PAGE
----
We hope to stop all of this and make some changes on the current policy.
I don’t have anything I want to say to the Hong Kong government. In this moment, no matter what they do, I and most of the Hong Kong people won’t accept it.
I was born in New Zealand, but I grew up in Hong Kong. I moved back here in year 9. The main thing that concerns me is the way China is trying to homogenise the people of Hong Kong – to melt all 1 billion people into the same mindset of believing that they all have to be under control of the same government. The Chinese government have mixed up the concept of a nation – the culture, the people inside – with the regime, and defend the regime no matter the cost. Even at the cost of human life. I think Hong Kong is a merging ethnicity, much like America, which was based on multiple races. Hong Kong is a cosmopolitan mixture of all the different ideas in Asia, and formed their own culture, regardless of genetic heritage. That’s the main thing that I’m concerned about – that my identity is being stripped away.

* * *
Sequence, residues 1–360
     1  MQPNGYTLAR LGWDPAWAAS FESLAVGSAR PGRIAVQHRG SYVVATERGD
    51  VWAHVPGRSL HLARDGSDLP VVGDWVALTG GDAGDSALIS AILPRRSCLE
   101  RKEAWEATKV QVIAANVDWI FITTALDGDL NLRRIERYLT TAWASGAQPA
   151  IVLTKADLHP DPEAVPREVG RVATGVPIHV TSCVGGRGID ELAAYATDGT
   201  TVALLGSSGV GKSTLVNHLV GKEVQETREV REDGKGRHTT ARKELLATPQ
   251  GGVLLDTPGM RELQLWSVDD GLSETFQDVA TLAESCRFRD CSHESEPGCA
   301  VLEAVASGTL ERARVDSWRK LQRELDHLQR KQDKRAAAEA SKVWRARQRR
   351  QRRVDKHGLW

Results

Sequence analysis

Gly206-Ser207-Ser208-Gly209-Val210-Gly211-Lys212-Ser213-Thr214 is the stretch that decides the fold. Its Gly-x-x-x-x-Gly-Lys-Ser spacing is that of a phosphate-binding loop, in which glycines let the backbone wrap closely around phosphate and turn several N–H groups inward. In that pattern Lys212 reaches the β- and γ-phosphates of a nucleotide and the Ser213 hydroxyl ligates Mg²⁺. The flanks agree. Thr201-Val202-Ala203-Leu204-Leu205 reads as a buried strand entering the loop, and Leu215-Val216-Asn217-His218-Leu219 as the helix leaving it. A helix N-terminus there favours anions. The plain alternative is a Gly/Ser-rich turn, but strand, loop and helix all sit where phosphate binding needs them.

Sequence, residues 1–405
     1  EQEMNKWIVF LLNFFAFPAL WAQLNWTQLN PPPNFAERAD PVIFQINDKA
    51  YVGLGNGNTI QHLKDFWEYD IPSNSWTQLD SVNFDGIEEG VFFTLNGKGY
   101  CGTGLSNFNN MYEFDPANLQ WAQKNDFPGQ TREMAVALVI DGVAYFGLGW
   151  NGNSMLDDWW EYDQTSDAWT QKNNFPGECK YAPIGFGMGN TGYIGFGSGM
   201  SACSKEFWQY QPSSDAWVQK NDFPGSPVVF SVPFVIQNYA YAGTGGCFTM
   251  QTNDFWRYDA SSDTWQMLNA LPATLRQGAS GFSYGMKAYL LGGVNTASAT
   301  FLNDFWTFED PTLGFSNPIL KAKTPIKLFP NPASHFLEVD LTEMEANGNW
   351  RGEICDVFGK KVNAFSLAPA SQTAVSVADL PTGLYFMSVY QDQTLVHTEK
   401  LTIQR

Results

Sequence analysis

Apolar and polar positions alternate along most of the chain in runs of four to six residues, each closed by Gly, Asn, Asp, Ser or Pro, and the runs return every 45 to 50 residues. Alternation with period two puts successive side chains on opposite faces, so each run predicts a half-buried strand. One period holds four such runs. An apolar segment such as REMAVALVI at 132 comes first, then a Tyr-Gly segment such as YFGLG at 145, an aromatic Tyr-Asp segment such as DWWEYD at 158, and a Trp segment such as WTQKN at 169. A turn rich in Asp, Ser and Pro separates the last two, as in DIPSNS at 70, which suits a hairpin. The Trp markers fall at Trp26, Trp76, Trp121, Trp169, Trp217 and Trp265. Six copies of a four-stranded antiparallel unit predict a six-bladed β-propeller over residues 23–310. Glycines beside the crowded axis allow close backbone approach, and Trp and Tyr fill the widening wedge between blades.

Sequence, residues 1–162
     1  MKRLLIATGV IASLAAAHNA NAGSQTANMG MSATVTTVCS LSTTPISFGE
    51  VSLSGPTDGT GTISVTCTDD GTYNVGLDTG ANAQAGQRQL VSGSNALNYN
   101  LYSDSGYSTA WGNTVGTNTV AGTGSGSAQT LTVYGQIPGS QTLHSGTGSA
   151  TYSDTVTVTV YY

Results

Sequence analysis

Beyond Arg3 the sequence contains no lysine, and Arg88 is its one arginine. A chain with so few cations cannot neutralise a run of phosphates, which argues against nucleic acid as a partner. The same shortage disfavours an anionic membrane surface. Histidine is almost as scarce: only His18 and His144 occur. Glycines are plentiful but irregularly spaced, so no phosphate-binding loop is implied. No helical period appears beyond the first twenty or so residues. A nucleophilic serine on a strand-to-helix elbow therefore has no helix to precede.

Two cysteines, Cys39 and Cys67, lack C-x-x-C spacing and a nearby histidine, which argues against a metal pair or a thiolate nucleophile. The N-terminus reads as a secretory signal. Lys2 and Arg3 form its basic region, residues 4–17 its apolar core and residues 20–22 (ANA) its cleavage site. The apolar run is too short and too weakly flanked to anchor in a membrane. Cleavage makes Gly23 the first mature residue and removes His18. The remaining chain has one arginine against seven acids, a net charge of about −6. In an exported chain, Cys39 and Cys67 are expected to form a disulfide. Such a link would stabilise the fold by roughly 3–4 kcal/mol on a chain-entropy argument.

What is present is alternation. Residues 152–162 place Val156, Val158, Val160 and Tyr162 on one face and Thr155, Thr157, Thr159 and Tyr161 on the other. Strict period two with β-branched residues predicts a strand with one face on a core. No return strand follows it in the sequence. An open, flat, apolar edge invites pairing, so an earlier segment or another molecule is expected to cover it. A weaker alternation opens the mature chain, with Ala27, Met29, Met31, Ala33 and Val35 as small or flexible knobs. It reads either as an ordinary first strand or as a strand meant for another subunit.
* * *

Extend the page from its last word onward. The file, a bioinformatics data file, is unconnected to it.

What worries me the most is the involvement of Chinese police. We’ve seen clips of police speaking Mandarin, which is strong evidence of Chinese police involvement. Today, Hong Kong people don’t speak really good Mandarin. Chinese police are more reckless than the Hong Kong police – Hong Kong police don’t cross the line of brutality.
Liberate Hong Kong. This is the revolution of our time.
I grew up in Hong Kong, and I moved to New Zealand when I was 19 years old. I recognise Hong Kong as my home. Everything that happens over there concerns me, especially when there are huge events like protests.
When the police use excessive for to disarm the protestors, I feel very angry. They’re not supposed to raid like that.
Show great support to Hong Kong protestors. They are not fighting for themselves; they’re fighting for Hong Kong’s future.
Don’t be hopeless, don’t be depressed, we still have hope.